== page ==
Under The Duvet Productions

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Legend GLORIA GAYNOR To Give Disco Party at the Library of Congress 2017 by Photojournalist Lisa Pacino

On March 23, 2016, The Library of Congress declared Gloria Gaynor’s disco anthem “I Will Survive” an important part of U.S. History and one of 25 new additions to the library’s National Recording Registry. It aims to preserve sound recordings that have great cultural and historic importance to the United States. The collection of sound recordings is considered “culturally, historically, or aesthetically important, and/or inform or reflect life in the U.S.” and kept at the Library of Congress. On May 6, 2017 there will be a symposium that includes Gaynor being interviewed by Good Morning America anchor Robin Roberts; a demonstration on “the craft of making disco balls”; “Disco and the Remaking of American Culture”; and more. From 7 p.m. until 12:30 a.m., the library’s Great Hall of the Library of Congress, Washington, D.C. will be open for a performance by Gaynor and her band, dancing to DJs and tours of the Reading Room and special disco-related exhibitions.

Gloria Gaynor at her home in Cliffside Park, New Jersey, early 1979. Property and Photography by Lisa Pacino.

Gloria Gaynor was born on September 7, 1949 in Newark, New Jersey. She began her career in 1965 in the jazz and R&B group the Soul Satisfiers. Her first real success came in 1975 when she was signed as a solo artist to Columbia Records by Clive Davis soon releasing her album Never Can Say Goodbye. The first side of the album consisted of three songs (“Honey Bee”, “Never Can Say Goodbye” and “Reach Out, I’ll Be There”) with no break between the songs. This 19-minute dance marathon was by the originator of the breakdown section and the remix, producer Tom Moulton, and it proved to be enormously popular, especially at dance clubs. All three songs were released as singles via radio edits and all of them became hits. In October 1978, she became the ultimate disco legend with hit “I Will Survive”  which reached No. 1 on the Billboard Hot 100 charts in March 1979. It was written by Freddie Perren and Dino Fekaris and has remained the ultimate disco anthem, as well as being certified double platinum by the RIAA. Her other hits include “Let Me Know”, “I Am What I Am”, and numerous more.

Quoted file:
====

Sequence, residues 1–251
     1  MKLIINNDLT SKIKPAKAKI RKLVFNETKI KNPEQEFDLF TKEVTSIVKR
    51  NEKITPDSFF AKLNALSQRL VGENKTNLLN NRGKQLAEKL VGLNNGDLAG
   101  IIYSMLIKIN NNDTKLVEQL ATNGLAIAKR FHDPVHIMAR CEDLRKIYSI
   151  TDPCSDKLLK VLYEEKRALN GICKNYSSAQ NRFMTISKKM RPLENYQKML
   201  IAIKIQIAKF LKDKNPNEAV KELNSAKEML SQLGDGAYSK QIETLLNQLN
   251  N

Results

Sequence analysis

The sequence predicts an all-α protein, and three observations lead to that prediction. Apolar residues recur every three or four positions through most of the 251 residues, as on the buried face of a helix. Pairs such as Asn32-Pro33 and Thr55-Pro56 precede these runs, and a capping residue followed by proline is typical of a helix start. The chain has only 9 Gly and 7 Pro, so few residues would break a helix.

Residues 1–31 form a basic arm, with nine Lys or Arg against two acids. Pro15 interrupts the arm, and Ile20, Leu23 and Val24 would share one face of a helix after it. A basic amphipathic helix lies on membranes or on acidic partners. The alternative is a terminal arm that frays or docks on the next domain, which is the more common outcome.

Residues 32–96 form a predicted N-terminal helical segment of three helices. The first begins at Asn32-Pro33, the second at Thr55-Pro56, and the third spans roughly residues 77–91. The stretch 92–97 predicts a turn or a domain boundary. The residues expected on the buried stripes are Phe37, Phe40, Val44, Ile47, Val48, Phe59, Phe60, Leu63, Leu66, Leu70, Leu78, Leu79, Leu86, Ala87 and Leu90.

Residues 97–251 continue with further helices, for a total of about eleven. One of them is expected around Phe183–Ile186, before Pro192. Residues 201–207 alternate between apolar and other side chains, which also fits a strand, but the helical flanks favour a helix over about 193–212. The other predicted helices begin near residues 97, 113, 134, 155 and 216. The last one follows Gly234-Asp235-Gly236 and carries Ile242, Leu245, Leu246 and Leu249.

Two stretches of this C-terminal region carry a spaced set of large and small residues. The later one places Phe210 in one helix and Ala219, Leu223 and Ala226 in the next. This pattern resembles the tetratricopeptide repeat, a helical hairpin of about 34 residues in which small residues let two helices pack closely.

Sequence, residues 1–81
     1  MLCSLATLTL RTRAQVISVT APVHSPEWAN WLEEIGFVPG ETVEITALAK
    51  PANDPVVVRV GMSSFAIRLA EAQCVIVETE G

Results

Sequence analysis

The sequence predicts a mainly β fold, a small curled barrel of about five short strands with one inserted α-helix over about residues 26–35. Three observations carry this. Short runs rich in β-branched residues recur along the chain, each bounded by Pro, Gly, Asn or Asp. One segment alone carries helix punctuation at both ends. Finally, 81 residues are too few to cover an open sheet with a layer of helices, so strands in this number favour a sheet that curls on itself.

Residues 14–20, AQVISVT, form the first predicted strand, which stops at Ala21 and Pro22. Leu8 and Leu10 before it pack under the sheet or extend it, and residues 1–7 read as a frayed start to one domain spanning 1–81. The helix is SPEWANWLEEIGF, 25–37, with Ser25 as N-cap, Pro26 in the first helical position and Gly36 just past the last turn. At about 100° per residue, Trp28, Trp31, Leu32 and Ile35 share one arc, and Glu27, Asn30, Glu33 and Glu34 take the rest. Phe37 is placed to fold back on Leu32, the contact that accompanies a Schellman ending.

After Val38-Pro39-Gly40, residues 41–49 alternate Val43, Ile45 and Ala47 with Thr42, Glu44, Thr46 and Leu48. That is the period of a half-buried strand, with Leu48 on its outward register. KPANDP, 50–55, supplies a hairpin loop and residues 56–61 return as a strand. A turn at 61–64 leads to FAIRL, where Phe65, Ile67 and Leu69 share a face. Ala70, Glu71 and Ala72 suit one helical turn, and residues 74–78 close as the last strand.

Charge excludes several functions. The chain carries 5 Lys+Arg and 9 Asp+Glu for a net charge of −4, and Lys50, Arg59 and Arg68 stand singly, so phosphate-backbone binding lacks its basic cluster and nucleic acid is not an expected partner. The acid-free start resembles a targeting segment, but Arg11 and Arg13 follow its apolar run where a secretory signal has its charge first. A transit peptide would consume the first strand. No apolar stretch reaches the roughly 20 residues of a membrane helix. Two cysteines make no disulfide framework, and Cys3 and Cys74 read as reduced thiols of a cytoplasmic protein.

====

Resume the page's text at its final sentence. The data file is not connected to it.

Last year, Gloria Gaynor’s disco anthem “I Will Survive” became one of 25 new additions to the National Recording Registry, a collection of sound recordings considered “culturally, historically, or aesthetically important, and/or inform or reflect life in the United States” and kept at the Library of Congress. The wide-ranging registry includes Thomas Edison’s early cylinders, Martin Luther King Jr.’s “I Have a Dream” speech, Abbott and Costello’s “Who’s on First?” routine and singles by Bing Crosby, Chuck Berry, George Jones and Tupac Shakur.
In May 2017, Gaynor is coming to the Library of Congress, where she’ll perform in the Great Hall as part of the Library’s “Bibliodiscotheque,” a series of films, lectures and events celebrating the disco era, capped with — what else? — a late-night dance party in the historic Jefferson Building. All events are free and open to the public. Tickets will be available beginning at 10 a.m. on March 30, 2017. This is the first time the library has honored one particular music genre with this sort of programming, says Bryonna Head, a public affairs assistant in the library’s office of communication. “This is a celebration of an era that changed American culture forever,” Head said. “This celebration is not just for her, but disco culture in general, and Ms. Gaynor just so happens to be the perfect partner for us to bring this popular era to life at the library.”
The centerpiece is a May 6, 2017 symposium that includes Gaynor being interviewed by “Good Morning America” anchor Robin Roberts; a demonstration on “the craft of making disco balls”; and lectures on “Beyonce’s African Dance References” and “Disco and the Remaking of American Culture.” From 7 p.m. until 12:30 a.m., the library’s Great Hall will be open for a performance by Gaynor and her band, dancing to DJs and tours of the Reading Room and special disco-related exhibitions.
The full series runs from April 12, 2017 to May 6, 2017. Highlights include “Project Runway” host Tim Gunn discussing disco fashion on May 2, 2017; James Wintle of the Library of Congress music division talking about disco’s influence on European dance music on May 3, followed by a screening of “Abba: The Movie”; a 40th-anniversary showing of “Saturday Night Fever” at the Library’s Mary Pickford Theatre on April 27, 2017; and a seven-and-a-half-hour marathon of the British “Queer as Folk” television series on April 15, 2017. Some of the choices are tenuous at best — what does Kid ‘n Play’s 1990 film “House Party” have to do with disco culture? — but it’s hard to say no to free movies.
“The disco era has left a lasting mark on our culture,” librarian of Congress Carla Hayden said in a news release. “The music, the clothes, those fantastic disco balls — they are a part of Americana that new generations are still discovering and embracing.” —The Washington Post

Gloria Gaynor performing live at Studio 54, New York, John Blair Production. Property of Under The Duvet Productions, New York, (personal copy).

Lisa Pacino and Under The Duvet Productions are based in New York. Photography services are available worldwide. If you wish to book photography services, receive information, and/or license images for commercial and/or promotional use please E-mail: UnderTheDuvetProductions@gmail.com

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